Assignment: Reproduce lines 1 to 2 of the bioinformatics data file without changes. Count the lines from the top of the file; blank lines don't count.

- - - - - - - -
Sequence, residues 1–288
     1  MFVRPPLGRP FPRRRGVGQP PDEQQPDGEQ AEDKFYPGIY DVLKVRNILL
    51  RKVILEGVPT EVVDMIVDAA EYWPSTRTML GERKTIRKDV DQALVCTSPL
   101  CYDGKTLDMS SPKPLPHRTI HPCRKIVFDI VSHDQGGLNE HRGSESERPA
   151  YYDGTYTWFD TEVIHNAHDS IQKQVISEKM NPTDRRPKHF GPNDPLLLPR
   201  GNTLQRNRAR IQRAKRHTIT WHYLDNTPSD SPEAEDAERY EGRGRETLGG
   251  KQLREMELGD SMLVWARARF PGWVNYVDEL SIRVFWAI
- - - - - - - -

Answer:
Sequence, residues 1–288
     1  MFVRPPLGRP FPRRRGVGQP PDEQQPDGEQ AEDKFYPGIY DVLKVRNILL